Later she makes her way downwards and comes upon a village. A sentry meets her and she is taken into their cave system. Here she discovers that there are no men, something that unsettles her. After two of the villagers feed and question her she is told to stay where she is while they go to a meeting. Needless to say she follows them, and sees the villagers and nine huge birds, larger than humans and stinking of carrion, watch a pregnant woman give birth to a partly formed human-bird hybrid. She is discovered and captured by the birds, who fly her to what appears to be a series of tunnels and cells in a flying rock. The rest of the story tells of her attempt to escape.
The main problem this story has is its unconvincing world setting. The wallworld is fine, but when it goes beyond this to the monstrous birds and their flying rock it starts reading like a modern and well-written version of some 1930s weird pulp story. Also, as with a lot of the stories in Beneath Ceaseless Skies, there is a lot that remains unexplained, and so it reads like an extract from a longer work.
The Last Dinosaur Rider of Benessa County by Jeremy Sim should have been titled The Last Dinosaur-Riding Gunslinger of Benessa County, and then I wouldn’t have to add much more. This one has Black Jonas returning to a town twenty years after he killed a number of people. The thing that is unusual about this western is that he rides in via the canal system on a pleesaur (plesiosaur presumably). Apart from the strange background of ocean prospecting, pleiosaur riding cowboys, it is a fairly standard story. He goes looking for a man named Doone to get his money (why he waited all this time isn’t explained), and trouble from the past comes looking for him; eventually he leaves town. An vivid piece but, again, it has the feel of a middle story in a long series, or novel extract.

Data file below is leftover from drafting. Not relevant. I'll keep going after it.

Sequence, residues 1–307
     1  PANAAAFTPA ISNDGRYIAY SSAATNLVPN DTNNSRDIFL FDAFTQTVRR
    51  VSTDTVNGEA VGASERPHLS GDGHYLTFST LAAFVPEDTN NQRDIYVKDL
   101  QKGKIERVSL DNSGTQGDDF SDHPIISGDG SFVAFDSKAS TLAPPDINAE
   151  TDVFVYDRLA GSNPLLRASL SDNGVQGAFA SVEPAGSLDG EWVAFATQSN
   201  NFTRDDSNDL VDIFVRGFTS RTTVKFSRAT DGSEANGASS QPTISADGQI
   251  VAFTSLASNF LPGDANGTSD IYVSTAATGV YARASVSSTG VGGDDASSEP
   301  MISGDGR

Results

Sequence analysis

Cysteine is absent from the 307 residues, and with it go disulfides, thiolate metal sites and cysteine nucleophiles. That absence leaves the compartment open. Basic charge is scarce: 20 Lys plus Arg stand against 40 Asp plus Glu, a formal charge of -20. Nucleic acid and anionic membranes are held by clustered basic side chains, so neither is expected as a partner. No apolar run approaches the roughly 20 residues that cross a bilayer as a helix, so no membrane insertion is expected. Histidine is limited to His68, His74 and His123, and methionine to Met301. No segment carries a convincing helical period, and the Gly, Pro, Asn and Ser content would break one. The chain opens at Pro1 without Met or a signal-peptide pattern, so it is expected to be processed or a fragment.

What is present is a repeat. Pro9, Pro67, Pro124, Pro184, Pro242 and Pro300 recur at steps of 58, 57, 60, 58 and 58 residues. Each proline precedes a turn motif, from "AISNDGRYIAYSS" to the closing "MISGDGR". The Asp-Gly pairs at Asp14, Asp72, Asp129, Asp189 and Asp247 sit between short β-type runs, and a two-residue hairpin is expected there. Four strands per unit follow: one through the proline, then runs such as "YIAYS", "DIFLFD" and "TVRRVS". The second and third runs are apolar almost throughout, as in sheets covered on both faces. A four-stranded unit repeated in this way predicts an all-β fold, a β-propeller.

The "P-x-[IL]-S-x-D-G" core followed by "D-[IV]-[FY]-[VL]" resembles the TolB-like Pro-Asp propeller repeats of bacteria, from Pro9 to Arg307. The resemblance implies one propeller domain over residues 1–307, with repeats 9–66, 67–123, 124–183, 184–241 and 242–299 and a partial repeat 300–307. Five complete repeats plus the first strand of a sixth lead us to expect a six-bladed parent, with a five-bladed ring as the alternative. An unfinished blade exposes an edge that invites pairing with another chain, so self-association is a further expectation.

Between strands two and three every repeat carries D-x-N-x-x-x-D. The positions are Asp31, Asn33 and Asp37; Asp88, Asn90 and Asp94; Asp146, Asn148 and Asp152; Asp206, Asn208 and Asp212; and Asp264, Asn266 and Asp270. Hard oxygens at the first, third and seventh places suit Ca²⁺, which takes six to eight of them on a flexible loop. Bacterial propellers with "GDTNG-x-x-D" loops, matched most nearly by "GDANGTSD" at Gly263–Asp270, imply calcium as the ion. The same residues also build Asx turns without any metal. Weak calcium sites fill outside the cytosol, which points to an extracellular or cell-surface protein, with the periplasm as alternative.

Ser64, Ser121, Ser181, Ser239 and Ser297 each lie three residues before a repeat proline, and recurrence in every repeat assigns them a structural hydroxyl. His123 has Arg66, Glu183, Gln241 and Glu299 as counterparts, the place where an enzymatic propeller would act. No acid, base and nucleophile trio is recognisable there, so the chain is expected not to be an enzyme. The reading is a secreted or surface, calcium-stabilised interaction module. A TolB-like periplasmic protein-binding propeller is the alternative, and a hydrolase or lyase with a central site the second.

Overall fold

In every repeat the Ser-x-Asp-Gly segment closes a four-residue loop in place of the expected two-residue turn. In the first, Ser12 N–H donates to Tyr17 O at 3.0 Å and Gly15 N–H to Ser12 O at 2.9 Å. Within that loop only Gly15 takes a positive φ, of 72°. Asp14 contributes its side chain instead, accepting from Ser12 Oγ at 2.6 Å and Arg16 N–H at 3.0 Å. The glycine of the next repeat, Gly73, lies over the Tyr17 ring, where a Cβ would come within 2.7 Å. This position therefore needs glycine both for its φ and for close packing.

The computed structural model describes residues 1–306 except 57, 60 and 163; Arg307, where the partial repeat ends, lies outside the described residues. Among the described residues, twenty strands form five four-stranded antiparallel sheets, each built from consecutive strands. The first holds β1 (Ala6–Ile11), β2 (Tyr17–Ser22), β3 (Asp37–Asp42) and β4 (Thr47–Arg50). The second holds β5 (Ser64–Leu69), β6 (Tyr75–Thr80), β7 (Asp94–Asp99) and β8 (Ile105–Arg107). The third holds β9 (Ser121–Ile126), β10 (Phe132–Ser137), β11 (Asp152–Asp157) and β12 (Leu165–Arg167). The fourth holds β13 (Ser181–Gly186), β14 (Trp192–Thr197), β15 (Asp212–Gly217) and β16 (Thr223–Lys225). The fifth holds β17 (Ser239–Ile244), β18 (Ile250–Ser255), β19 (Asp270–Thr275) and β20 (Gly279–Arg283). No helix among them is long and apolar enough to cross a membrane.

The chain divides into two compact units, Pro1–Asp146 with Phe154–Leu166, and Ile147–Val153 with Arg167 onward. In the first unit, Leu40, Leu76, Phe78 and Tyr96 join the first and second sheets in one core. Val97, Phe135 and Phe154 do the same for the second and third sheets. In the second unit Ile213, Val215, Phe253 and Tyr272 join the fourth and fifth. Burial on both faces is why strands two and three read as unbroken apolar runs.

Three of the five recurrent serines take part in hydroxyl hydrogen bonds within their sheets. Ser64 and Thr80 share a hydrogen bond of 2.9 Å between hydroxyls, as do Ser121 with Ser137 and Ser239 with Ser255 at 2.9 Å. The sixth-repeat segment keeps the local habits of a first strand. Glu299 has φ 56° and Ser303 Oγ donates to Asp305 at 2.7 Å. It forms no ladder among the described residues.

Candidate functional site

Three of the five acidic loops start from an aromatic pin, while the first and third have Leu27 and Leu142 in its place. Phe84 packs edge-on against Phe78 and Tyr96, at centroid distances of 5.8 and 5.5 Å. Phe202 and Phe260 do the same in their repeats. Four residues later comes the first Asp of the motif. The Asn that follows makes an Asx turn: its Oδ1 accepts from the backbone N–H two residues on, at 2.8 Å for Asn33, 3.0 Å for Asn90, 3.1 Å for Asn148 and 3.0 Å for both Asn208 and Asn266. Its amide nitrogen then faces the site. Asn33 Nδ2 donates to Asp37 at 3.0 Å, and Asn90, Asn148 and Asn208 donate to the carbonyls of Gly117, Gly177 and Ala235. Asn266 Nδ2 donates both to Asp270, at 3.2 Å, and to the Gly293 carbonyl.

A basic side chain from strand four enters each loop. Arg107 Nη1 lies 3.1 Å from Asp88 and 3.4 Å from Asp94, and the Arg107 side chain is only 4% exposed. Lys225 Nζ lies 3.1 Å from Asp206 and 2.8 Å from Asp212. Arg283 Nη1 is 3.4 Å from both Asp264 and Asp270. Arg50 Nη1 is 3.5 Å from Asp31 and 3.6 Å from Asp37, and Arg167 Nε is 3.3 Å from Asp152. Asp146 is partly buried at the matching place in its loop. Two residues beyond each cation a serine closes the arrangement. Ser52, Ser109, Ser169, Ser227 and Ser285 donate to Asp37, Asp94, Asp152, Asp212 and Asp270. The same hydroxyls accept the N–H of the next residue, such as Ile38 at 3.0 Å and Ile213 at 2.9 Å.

Source is the cover by Florent Llamas. There doesn’t seem to much going on here apart from the bird flying away from the rock and the two figures, but if you look closely there are giant circles carved into the rock and there are two flocks of birds in the distance. An atmospheric landscape piece.

The story by Margaret Killjoy is the best of these four. As for the rest, in media res1 sums it up I think.

  1. Wikipedia’s in media res page.